None of this justifies Trump’s tariff policies, which I have argued are half-baked at best. But the basis for the criticism is not the potential hit to the stock market.
As long as we are talking big picture economics, there is one other important point to make in this context. Like other folks writing on this topic, Lowenstein just assumes the country as a whole has an interest in forcing China and other developing countries to respect U.S. patent and copyright protections.
This is not true. While it is clear that folks who have large amounts of stock in Pfizer, Microsoft, and other companies with large stakes in intellectual property claims would benefit, it does not follow that the country as a whole benefits from making these claims longer and stronger and applied to our trading partners.
When these forms of protectionism (yes folks, patent and copyright protection is protectionism) are applied domestically it means that we pay more for prescription drugs, medical equipment, software and a wide range of other products. Think of them like tariffs of many thousand percent, since these government-granted monopolies can raise the price of the protected items by factors of tens or hundreds.
Applying patent and copyright protection internationally means that foreigners have to pay more money for their drugs (often making them unaffordable for people in developing countries) and software. It means they have less money to buy our cars and planes. Every trade economist knows this, but for some reason, they rarely feel the need to make this point. (Unlike the irrepressible need to point out that higher US steel prices mean that US made cars will be less competitive.)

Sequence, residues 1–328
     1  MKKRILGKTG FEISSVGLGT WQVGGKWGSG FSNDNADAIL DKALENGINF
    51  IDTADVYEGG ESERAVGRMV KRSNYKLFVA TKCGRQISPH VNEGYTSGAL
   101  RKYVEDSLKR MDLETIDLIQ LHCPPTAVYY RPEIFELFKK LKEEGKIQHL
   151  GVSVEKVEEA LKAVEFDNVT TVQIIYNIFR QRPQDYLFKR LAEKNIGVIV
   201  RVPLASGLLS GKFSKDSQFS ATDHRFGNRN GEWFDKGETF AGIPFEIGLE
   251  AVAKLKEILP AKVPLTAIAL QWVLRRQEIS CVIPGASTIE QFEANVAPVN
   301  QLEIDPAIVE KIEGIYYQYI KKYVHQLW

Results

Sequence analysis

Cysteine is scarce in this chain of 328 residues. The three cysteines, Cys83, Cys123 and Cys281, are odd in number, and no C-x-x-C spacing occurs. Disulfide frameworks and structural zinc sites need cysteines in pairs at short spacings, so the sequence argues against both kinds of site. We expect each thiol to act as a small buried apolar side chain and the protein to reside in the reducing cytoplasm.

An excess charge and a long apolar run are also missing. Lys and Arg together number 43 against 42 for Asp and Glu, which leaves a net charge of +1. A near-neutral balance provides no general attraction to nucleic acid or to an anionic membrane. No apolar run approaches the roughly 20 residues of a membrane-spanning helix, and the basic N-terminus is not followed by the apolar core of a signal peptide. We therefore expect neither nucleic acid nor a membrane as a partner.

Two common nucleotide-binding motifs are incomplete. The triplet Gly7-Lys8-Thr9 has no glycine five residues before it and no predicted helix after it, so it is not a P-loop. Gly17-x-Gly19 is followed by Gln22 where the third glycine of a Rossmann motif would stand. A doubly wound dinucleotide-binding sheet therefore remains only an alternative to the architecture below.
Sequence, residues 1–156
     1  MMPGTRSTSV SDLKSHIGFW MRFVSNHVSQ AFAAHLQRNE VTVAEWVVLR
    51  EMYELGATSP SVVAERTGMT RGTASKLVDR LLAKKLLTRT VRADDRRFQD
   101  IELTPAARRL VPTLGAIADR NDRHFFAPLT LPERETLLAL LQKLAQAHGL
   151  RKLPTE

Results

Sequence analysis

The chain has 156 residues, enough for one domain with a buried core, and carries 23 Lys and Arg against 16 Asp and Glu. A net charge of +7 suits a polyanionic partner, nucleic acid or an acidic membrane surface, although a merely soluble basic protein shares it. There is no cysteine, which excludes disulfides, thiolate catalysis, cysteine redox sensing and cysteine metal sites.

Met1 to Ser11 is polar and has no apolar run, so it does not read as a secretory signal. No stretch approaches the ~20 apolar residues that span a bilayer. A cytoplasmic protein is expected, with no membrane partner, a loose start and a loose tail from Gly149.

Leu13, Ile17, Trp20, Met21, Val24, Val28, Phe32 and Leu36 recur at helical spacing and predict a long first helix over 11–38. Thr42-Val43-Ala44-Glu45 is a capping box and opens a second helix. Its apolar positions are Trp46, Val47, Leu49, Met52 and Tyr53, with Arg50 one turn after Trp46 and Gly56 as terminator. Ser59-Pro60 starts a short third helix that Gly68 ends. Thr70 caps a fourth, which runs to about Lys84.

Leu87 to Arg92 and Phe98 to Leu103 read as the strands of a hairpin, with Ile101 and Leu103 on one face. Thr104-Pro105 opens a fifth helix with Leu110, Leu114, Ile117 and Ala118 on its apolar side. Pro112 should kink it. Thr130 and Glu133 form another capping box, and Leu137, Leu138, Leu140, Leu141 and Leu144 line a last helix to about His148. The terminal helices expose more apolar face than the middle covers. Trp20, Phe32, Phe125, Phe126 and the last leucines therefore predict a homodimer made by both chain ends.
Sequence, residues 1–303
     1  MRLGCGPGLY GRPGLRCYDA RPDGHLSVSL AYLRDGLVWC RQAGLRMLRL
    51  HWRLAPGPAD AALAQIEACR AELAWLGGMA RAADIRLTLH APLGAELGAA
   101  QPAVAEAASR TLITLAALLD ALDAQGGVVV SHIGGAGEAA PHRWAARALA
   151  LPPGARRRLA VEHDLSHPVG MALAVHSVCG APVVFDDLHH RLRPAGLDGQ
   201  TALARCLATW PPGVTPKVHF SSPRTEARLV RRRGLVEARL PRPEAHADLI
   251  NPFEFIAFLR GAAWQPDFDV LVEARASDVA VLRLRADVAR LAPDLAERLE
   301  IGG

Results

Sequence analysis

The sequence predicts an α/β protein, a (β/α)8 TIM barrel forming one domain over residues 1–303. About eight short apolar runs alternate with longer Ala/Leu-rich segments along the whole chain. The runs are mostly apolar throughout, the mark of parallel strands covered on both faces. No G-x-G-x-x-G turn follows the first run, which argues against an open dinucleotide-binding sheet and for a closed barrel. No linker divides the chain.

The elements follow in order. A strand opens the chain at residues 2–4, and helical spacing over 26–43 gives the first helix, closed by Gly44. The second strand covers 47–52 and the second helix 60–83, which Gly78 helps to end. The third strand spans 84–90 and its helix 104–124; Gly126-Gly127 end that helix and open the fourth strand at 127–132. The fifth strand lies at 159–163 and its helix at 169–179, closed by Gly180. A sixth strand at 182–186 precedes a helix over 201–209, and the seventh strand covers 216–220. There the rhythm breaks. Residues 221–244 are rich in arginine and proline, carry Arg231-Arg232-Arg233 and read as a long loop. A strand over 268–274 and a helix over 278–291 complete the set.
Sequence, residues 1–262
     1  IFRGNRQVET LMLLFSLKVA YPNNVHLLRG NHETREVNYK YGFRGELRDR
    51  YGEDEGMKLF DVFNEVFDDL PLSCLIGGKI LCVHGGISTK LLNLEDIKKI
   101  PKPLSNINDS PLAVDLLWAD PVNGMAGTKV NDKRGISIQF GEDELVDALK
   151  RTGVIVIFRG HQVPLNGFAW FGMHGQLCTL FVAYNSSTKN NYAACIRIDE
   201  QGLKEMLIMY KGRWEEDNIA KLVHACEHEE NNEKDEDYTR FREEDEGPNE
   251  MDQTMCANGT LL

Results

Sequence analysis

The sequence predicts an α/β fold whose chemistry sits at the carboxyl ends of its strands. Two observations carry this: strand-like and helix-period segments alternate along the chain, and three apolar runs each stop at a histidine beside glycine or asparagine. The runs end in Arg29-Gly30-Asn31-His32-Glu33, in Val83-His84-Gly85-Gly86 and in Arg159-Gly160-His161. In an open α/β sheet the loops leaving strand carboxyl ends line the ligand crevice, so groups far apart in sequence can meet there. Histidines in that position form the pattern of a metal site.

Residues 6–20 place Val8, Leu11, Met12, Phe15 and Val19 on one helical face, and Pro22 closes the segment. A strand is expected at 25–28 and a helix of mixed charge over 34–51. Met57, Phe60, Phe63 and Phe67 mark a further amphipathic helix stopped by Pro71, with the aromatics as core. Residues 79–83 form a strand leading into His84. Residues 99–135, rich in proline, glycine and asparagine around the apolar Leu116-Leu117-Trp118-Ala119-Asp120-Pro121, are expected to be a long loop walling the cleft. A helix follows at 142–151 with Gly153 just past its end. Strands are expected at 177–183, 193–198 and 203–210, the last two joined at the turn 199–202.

We do have an interest in ensuring the research and development costs will be shared internationally in an equitable manner. Our trade economist-types tell us how hard this would be to arrange, apparently having not been told of all the disputes over the terms and enforcement of intellectual property rules in recent trade pacts. Anyhow, we should be looking for more modern mechanisms of financing innovation and creative work, not endlessly shoring up a relic of the Medieval guild system.
(See also Chapter 5 of my [free] book, Rigged: How Globalization and the Rules of the Modern Economy Were Structured to Make the Rich Richer.)
This column originally appeared in The Beat.